[What follows is thanks to David Rotenstein, a historian in Silver Spring, Maryland who uses his skill and knowledge to challenge establishment orthodoxies that seek to present versions of the past that render certain experiences, people and places invisible. See more of David’s work here.]
The selective preservation and erasure of memory is universal and timeless. It’s the essence of history. But nowhere is it more true than the USA. I sometimes think the foundation myth of European ‘America’ spread across the virtual genocide of Native Indians is the biggest cover-up in history. But like other societies, America continues to tell itself sanitised stories that foreground ‘official’ histories without acknowledging that they’re contested.
This issue is very current in the context of attitudes to relics of the civil war. A debate is raging in the US about whether statues celebrating the Confederate South should stay or go. The mayor of Richmond, Virginia (the capital of the Confederacy during the civil war) recently said of monuments like the one in his city to Jefferson Davis (who was president of the Confederacy):
“Equal part myth and deception, they were the ‘alternative facts’ of their time – a false narrative etched in stone and bronze more than 100 years ago – not only to lionise the architects and defenders of slavery, but to perpetuate the tyranny and terror of Jim Crow and reassert a new era of white supremacy.” (Mayor Levar Stoney, DC Express, 23rd June 2017)
But there are many mundane distortions of the past that are perhaps more ideologically powerful and pernicious than statues. David Rotenstein showed me some of them during a “dirty tour” of his home town, Silver Spring in Maryland, just north of Washington DC.
The strange social geography of DC makes any definition of place contentious. This city-state imposes itself on the local landscape with a rigidity under-written by Federal law. By most standards, Silver Spring would be just another suburb. But its history makes it more than that and presents a microcosm of the American experience.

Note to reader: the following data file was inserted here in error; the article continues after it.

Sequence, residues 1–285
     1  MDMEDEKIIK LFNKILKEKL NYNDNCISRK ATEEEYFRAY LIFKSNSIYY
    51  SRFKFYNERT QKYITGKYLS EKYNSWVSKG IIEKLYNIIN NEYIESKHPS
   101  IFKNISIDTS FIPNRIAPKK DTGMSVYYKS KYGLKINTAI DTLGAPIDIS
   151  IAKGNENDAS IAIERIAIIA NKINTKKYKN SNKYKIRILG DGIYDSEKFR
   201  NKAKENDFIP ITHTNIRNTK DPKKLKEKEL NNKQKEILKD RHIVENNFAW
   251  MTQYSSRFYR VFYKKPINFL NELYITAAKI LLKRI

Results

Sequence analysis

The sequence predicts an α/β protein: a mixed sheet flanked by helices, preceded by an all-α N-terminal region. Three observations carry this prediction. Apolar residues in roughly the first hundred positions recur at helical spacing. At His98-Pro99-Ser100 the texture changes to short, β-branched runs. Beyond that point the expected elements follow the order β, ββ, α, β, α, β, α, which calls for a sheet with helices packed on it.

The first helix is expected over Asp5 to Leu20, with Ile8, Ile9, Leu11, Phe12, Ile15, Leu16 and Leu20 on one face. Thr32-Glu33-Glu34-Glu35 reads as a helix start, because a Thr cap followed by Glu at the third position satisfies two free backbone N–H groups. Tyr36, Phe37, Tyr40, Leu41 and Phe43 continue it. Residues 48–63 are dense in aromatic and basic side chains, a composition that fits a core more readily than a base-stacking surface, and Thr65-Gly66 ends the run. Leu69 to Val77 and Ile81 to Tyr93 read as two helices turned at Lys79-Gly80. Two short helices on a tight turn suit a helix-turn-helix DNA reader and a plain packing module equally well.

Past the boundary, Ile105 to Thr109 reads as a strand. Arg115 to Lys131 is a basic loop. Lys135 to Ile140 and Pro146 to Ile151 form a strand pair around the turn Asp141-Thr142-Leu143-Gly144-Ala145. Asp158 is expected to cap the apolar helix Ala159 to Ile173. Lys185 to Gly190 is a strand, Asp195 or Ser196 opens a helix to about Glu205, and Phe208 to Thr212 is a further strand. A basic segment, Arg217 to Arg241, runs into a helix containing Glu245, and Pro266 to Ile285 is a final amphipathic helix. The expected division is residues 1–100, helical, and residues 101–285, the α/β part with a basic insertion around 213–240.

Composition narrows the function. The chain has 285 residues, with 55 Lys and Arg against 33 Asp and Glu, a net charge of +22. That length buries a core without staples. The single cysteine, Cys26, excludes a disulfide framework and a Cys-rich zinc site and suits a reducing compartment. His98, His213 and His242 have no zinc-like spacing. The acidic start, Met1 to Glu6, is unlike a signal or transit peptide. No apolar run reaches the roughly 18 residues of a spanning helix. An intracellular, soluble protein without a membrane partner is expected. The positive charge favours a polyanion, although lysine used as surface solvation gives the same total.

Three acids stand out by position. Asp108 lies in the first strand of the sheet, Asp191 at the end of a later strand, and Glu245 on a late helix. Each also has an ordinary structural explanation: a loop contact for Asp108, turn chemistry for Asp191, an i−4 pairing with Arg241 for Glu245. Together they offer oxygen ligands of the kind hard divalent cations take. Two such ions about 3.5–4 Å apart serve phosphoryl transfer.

The first thing David showed me was this mural, decorating the side of a multi-storey (no pun intended) car park.
We’ve all become used to anodyne municipal and corporate art deployed to dress-up reinventions of place. I still get infuriated by the artifacts (cranes, winding gear, random chain links) littering London’s ‘Docklands’ in a fake gesture to historic preservation. But this mural is more provocative. The clear message is the equality of the two sides in the civil war.
Post-conflict expressions of peace and reconciliation are natural, particularly after civil war and all wars are messy and complex. But in this mural there’s no way of knowing that one side was fighting for the preservation of legal human slavery.
David showed me several other examples of Silver Spring’s attempts to depict its past in a way that conceals some facts and concocts others. In an adjoining mural, black people are shown catching commuter trains in the 1950s at a time when, David says, they would not have been allowed to use the station unless they were working there. Silver Spring remained segregated by custom and practice until the early 1960s, significantly later than DC. More African-Americans moved to the area around this time when a government office opened there, but they not only found it hard to buy a home due to racist restrictions, they couldn’t even buy lunch. David took me to the site of a diner that refused blacks service until they organised the type of sit-in protests more commonly associated with the Deep South. The diner’s demolished now, but the Silver Spring authorities chose not to mark its significant place in local civil rights struggles. What it does commemorate is the figure of Francis Preston Blair, a former slave owner who ‘discovered’ (like Columbus discovered America) the silver spring from which the city takes its name (see photo below).
African-Americans, both free and enslaved, had been living in the Silver Spring area for generations, particularly in the settlement of Lyttonsville. As my book describes, the history of US housing is entwined with racism, so it’s no surprise to learn that Lyttonsville didn’t get running water and paved streets until the late 1960s – and only after a fight.
Today, Lyttonsville has been absorbed into the wider Silver Spring conurbation, but the difficulties for US society in reconciling its present with its past don’t end there. The Talbot Avenue Bridge links Lyttonsville to downtown Silver Spring. It’s an elegant structure that’s typically American.
Now the authorities want to demolish it (allegedly to make way for a new train line). The contrived arguments being used to justify this – poor maintenance, structurally unsound, beyond economic repair – are precisely those used to justify the destruction of US public housing and UK council housing. They all illustrate an enduring disrespect for the homes, histories and lives of working class communities, with ethnicity a potent additional factor.
In the Age of Trump, demolishing bridges and building walls (actual or metaphoric) assume ever greater significance.